One day ten years ago I sat down and for approximately twenty hours read an enormous book on the history of so-called civilization, a work of seductive details (the Peruvians believed the world was a box with a ridged top, the Egyptians that it was an egg) and an Occidental outlook, critical of every religion and ideology except the dogma of progress itself.
-Rachel Kushner, The Strange Case of Rachel K
She was an old woman who loved sex and she had spent forty years seeking a way to make it better.
-Jonathan Eig, The Birth of the Pill: How Four Crusaders Reinvented Sex and Launched a Revolution
My mother is scared. I cannot believe it. But she will not speak of her fears. She is locked up tight. She keeps her secrets. I keep mine. That is our way. We have always struggled with words.
-George Hodgman, Bettyville: A Memoir
Remember this one? “An Iraqi Defector Tells of Work on at Least 20 Hidden Weapons Sites.” So reported New York Times staffer Judith Miller in December 2001, in one of many war-drum-beating stories that she defends in her new book, The Story. Here reviewer Erik Wemple, media critic for the Washington Post, lambasts her self-serving memoir, suggesting that she misused her newspaper’s influence and prestige and “doesn’t get to ridicule all those who initially took her Times stories seriously, as the United States launched a war that killed 4,500 U.S. service members and left an Iraqi toll many times higher.”
“The most surprising revelation of [Matthew] Beaumont’s book is how recently we have come to regard nightwalking with anything other than suspicion and alarm. For more than 1,000 years it was a crime. As early as the 12th century, the nightwalker appeared in a nervously extended list of the capital’s social evils: ‘Actors, jesters, smooth-skinned lads, Moors, flatterers, pretty-boys, effeminates, pederasts, singing- and dancing-girls, quacks, belly-dancers, sorceresses, extortioners, night-walkers …’” Here‘s a review of Nightwalking: A Nocturnal History of London.
Says Mary Morris (Between You & Me: Confessions of a Comma Queen): “I would have a lot of nerve being elitist. Those Irish relatives: they were potato diggers. My grandmother was a washerwoman; my father was a fireman. I went to a state university.” Here.
“Not only do I feel no fear or horror when I think about bed bugs (or spend the night with them), but I even have a begrudging admiration for the repellent little beasts. . . . This bug is a survivor.” Here‘s Brooke Borel (Infested: How the Bed Bug Infiltrated Our Bedrooms and Took Over the World).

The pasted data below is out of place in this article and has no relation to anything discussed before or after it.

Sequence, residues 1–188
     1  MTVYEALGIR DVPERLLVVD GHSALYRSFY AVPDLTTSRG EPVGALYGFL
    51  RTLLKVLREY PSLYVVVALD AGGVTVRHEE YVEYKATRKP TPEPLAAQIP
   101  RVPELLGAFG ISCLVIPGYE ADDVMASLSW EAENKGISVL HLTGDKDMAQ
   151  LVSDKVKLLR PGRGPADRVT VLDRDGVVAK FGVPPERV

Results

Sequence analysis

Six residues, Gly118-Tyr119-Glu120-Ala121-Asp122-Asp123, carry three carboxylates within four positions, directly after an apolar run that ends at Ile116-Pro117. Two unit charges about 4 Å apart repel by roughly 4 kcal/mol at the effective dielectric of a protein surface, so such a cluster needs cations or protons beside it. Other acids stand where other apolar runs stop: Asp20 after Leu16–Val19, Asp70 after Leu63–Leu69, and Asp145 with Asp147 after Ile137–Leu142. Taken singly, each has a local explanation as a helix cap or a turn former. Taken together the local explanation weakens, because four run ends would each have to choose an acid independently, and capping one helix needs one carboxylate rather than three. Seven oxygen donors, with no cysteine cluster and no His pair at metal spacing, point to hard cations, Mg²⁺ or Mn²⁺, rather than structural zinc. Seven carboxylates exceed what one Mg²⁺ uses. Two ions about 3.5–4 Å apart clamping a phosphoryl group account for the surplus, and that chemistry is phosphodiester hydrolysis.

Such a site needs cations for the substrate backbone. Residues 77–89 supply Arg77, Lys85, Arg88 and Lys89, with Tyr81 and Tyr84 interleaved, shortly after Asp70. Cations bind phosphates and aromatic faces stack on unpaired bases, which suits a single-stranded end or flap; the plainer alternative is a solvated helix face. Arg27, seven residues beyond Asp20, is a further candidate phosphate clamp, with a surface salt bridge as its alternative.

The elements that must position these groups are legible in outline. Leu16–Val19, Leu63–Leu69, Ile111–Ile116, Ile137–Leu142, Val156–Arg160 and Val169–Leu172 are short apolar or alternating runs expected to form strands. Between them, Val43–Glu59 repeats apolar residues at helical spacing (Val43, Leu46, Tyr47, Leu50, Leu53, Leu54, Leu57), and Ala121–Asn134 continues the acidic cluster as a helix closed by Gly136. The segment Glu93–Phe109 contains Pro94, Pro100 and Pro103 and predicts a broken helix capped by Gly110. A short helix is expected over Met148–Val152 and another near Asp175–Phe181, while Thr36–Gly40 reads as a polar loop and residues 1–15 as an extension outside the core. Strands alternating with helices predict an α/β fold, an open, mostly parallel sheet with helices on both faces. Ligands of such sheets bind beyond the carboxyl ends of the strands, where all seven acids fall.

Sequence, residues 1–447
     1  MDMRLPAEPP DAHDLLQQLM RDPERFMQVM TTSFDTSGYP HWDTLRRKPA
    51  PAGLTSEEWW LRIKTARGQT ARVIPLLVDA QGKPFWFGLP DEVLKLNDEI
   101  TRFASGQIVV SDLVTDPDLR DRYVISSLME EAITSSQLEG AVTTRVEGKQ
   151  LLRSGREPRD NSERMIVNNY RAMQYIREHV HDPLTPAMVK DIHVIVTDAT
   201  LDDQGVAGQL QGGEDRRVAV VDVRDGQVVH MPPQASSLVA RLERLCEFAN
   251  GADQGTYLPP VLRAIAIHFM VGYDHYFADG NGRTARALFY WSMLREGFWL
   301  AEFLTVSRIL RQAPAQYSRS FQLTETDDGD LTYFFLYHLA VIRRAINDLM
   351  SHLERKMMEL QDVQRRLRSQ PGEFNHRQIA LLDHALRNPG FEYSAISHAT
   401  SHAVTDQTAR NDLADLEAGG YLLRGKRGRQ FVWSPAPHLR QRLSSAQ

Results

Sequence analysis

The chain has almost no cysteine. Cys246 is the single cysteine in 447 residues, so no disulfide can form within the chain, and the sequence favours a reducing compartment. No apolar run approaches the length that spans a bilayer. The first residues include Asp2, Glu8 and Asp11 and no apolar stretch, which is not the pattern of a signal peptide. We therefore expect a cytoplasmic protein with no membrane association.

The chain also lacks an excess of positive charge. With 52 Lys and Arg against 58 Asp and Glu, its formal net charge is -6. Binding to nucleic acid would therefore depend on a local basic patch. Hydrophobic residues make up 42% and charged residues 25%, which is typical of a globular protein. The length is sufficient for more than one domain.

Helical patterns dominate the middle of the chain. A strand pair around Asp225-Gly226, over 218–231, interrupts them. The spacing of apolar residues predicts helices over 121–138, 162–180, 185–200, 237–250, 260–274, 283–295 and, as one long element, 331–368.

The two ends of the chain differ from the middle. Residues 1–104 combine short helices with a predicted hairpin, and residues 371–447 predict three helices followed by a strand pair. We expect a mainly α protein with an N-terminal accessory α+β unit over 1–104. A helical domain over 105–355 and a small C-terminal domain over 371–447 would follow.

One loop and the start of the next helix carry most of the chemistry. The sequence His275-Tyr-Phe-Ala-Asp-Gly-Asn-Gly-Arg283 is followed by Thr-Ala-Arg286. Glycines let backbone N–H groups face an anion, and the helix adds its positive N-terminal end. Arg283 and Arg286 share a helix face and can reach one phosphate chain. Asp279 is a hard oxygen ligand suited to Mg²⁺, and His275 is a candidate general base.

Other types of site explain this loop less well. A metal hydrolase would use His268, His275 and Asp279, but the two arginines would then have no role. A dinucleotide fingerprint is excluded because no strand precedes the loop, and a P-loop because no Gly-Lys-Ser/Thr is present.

“If Kenneth Rexroth were to write a blurb for ‘Habitation’, it could possibly be– There are poems/in this Habitation ‘more durable /than the configurations of heaven.’” Here‘s a review of Sam Hamill’s Habitation: Collected Poems.
Soon enough, I will get to the death threats, the sex charges, the alleged genocides, the epidemics, the alien abductees, the antilesbian drug, the unethical ethicists, the fight with Martina Navratilova, and of course, Galileo’s middle finger.
-Alice Dreger, Galileo’s Middle Finger: Heretics, Activists, and the Search for Justice in Science
The criminal was holding a knife to the cartoonist’s throat with one hand while furiously brandishing an open comic book with the other, and, in a voice as full of menace as his body language and the whole situation, subjecting his victim to violent but also bitter and plaintive reproaches.
-Cesar Aira, “The Criminal and the Cartoonist,” in The Musical Brain and Other Stories
Leah Shepherd didn’t know the name of the song the bald man in horn-rimmed glasses was singing to himself as he stared at her through the snow.
-David Connerley Nahm, Ancient Oceans of Kentucky: A Novel
The most critical element in any work of humor–this is something Plato talked about–is that at least one of the major characters should be an orangutan.
-Dave Barry, in By the Book: Writers on Literature and the Literary Life from The New York Times Book Review edited by Pamela Paul
The tears on the young nun’s cheek dripped onto the rosary in her hand.
-Elliot Patterson, Soul of the Fire: A Mystery
That day I am seventeen and I was wearing the boots of a whore.
-Maureen Gibbon, Paris Red: A Novel